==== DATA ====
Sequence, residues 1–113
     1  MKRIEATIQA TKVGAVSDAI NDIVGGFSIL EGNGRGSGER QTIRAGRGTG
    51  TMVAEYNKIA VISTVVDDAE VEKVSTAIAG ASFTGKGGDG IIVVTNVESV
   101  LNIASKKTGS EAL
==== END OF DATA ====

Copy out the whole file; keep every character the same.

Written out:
Sequence, residues 1–113
     1  MKRIEATIQA TKVGAVSDAI NDIVGGFSIL EGNGRGSGER QTIRAGRGTG
    51  TMVAEYNKIA VISTVVDDAE VEKVSTAIAG ASFTGKGGDG IIVVTNVESV
   101  LNIASKKTGS EAL